The super-complimentary, women or men, sloshing sugar all over the place, are always, always, always up to something.  If nothing else, they're trying to be your friend without giving anything but compliments.

And, of course, the classic predator:  attentive, adhesive, encircling, gradually eliminating anyone and anything else but themselves, until they and they alone are the only person in their victim's life.

They might not all look alike, but they act alike...  Every time...




10 May 2012

The Circuit Administrator's Tale


by Eve Fisher
Here's another story from the old days when I was a circuit administrator:

     I was driving home from work, from the courthouse, going down Main Street, and I saw an old battered car sitting in a church’s parking lot to the right of me.  It was angled funny, and as I got nearer, it started to move.  My sixth sense clicked in, and somehow I knew he wasn’t going to stop coming out, even though I had the right of way, being on the main drag.  So I stopped just before the corner of this parking lot, and he came out, gunning the engine, burning rubber:  and coming right AT me.  Head on, without stopping, a fixed look on his face.  And there I was stuck, while this maniac played chicken with me with no place for me to even get out of his way.  At the very last minute he swerved, missing me and my front bumper by about an inch, and got on his side of the road.  But he was still so close he drove over the base of the lamppost in the center of the street, and nicked another one, and I watched his hub cap or wheel rim fly off.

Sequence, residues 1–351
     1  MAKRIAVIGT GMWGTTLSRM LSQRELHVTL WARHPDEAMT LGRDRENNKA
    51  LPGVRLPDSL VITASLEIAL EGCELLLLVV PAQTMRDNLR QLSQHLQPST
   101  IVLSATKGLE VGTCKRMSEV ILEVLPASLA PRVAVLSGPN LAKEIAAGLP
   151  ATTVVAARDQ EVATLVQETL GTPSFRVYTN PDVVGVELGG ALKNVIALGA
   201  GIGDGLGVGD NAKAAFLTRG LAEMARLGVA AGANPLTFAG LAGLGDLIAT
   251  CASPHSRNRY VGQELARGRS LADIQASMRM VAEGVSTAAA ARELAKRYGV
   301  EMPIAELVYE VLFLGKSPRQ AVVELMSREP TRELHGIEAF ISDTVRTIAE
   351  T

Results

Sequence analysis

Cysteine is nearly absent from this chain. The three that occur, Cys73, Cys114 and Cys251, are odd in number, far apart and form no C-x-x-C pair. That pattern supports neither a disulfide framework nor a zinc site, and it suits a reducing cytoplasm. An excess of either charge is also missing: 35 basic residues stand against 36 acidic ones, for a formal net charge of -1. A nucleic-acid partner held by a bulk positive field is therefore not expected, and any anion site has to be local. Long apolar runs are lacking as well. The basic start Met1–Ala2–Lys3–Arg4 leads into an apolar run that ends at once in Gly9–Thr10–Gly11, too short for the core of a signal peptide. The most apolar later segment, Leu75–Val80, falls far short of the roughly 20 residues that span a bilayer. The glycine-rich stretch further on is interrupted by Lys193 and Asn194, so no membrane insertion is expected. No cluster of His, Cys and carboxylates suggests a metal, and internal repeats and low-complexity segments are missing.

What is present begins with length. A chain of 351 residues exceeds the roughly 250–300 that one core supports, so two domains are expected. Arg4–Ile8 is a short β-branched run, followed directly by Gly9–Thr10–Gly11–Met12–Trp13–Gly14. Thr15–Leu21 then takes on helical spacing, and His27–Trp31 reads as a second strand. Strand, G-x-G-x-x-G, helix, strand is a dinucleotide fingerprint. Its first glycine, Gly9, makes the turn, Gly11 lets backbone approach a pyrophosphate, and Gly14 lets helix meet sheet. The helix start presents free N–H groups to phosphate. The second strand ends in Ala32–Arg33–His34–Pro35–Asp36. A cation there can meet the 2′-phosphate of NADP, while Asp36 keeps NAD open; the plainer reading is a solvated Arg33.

And then he was gone.  Now I'd memorized his license plate - I had nothing else to do and nowhere to go while he was gunning his car at me, other than try to keep breathing and not pee my pants - so I went straight home and called the police.  I knew every cop in town - and in about 14 counties at the time - so it didn't take long for one to come by.  I told him what had happened, gave him the license plate number, and they found him in about fifteen minutes. There are perks to being a circuit administrator in a small town in a rural state...   :)